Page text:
My Father the Addict

My father has been a drug addict and part-time drug dealer and pool hustler for my entire life. The drug dealing was and is a way to get his own stash for cheap and the hustling was a way to make extra money for the household. My mother was a recovered/ing alcoholic and pill head from the time I was born until the day she died.

I grew up within the drug culture, but the only time my father has been arrested in my lifetime was for “stealing” cable television. I did other people’s drugs in high school, and I lived without water or electricity for extended periods due to lack of money. I was on Free Lunch my entire public school career. An “allowance” was not an option after the age of 10. The only time I ate fresh vegetables was at my best friend’s house.

Even though my father was educated, and is an intelligent man who works hard and taught me a great work ethic, we were always poor because my father’s employment history involved dodging drug tests and taking low-paying jobs that didn’t require them. School didn’t come easily to my mother, and though she was intelligent and widely read, that doesn’t get you a decent-paying job.

When I was in high school, I walked into a house with a friend who needed to meet with his connection there to pick up his drugs. Part of the redneck drug subculture is hanging around and doing a little with the person you’re scoring from (and whomever else is hanging around). I was sitting there, participating in the ritual, when my father walked in.

Apparently my friend’s connection and my father’s connection (at least at that point) were one and the same. We made eye contact and then promptly acted as if we didn’t know each other. My friend, who knew my father, played it cool and we left after the social obligations were satisfied without having to have an awkward conversation with my father. I got more messed up that night than ever before because I was so freaked out by the encounter.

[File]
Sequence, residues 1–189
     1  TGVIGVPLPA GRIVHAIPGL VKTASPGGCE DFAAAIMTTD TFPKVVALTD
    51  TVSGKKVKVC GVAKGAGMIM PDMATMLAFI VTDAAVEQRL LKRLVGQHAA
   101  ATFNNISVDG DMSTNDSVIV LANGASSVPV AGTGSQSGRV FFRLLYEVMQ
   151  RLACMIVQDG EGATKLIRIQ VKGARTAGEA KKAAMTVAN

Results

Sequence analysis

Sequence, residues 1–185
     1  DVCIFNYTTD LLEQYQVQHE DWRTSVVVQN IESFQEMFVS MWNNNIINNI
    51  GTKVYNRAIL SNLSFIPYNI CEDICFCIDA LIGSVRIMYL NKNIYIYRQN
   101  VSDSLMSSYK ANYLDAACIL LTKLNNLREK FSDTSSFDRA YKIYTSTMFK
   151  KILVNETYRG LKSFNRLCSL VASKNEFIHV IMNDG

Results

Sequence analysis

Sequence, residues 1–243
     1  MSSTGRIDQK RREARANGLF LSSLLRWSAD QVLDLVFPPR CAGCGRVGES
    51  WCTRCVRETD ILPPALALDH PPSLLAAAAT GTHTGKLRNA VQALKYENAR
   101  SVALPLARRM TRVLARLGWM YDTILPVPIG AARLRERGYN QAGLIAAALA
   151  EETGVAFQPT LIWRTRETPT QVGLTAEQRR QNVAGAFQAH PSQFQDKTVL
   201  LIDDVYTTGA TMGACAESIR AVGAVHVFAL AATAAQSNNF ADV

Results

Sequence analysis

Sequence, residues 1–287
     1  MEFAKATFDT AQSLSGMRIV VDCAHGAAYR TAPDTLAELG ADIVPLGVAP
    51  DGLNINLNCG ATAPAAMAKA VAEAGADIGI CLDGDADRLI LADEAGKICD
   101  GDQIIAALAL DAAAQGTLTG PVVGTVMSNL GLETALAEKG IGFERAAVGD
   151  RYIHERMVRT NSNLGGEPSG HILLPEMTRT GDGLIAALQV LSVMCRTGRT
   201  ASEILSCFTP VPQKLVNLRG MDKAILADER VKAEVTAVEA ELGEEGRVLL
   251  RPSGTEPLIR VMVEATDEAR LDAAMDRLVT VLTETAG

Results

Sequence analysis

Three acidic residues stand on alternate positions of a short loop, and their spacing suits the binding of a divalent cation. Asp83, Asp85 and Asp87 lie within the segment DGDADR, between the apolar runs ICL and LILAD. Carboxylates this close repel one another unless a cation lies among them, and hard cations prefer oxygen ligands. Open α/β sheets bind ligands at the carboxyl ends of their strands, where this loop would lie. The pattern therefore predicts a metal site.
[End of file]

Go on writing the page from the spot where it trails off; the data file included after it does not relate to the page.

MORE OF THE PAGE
By mutual unspoken agreement, that conversation with my father never happened. We both carried on with life without ever mentioning that experience. In a twisted dance of non-acknowledgement, we never spoke of such things to each other.

I eventually figured out that my father was a connection for some of my older friends. When I confronted my mother about it, she spoke with him and told me later that he swore he never sold to anyone under 18, that there was no way he was going to be picked up for contributing to the delinquency of a minor, as if this made selling drugs to high-schoolers more acceptable.

I grew up with an odd sense of ethics. I was using at the time myself, often in stranger’s houses, but was I was indignant that my father could even be peripherally involved in the same circles. Our worlds were separate, different, and I was pissed that I could come across him anywhere in such a context. You are not supposed to be in a drug den using across the room from your father when you’re 16. You’re just not.

My father has been diagnosed with military-service-related Post Traumatic Stress Disorder. He is literally out of his mind without drugs. The prescribed pharmaceuticals never worked well for him, and he didn’t respond to non-pharma treatment. He cleaned up briefly, but the PTSD and depression over my mother’s death had him so close to suicide that he went back to the drugs.

I can’t say that I blame him for going back to them – My recently diagnosed anxiety disorder, along with my own PTSD symptoms and a diagnosed sleep disorder, combined with my own spotty depression medication history and past issues with both alcohol and cocaine give me sympathy for him.

I don’t know if I’m an “enabler” or not. All I can say is that I’m glad he found something that actually quiets his personal brand of insanity. I haven’t yet, but the anti-anxiety medicine has improved things. I just wish that he could remember that I left that stuff, that old life behind, that I won’t participate anymore, that I’m bent on doing something more with my life than he was ever able to.

When he offers them to me as he does them (which is part of the social obligation of the drug subculture), I hide behind the “You know I’m tested for that crap,” answer because I can’t bear to have that conversation with him again, the one where he is almost begging me to approve of his use, to tell him he’s not a bad guy because of it.

I can’t bear to have that conversation with him again because I can’t condone any more than I can condemn.

~Riot.Jane

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About

Middle-aged, life-long Texan with a substantial chip on her shoulder.

Posted in addiction, parenthood, relationships

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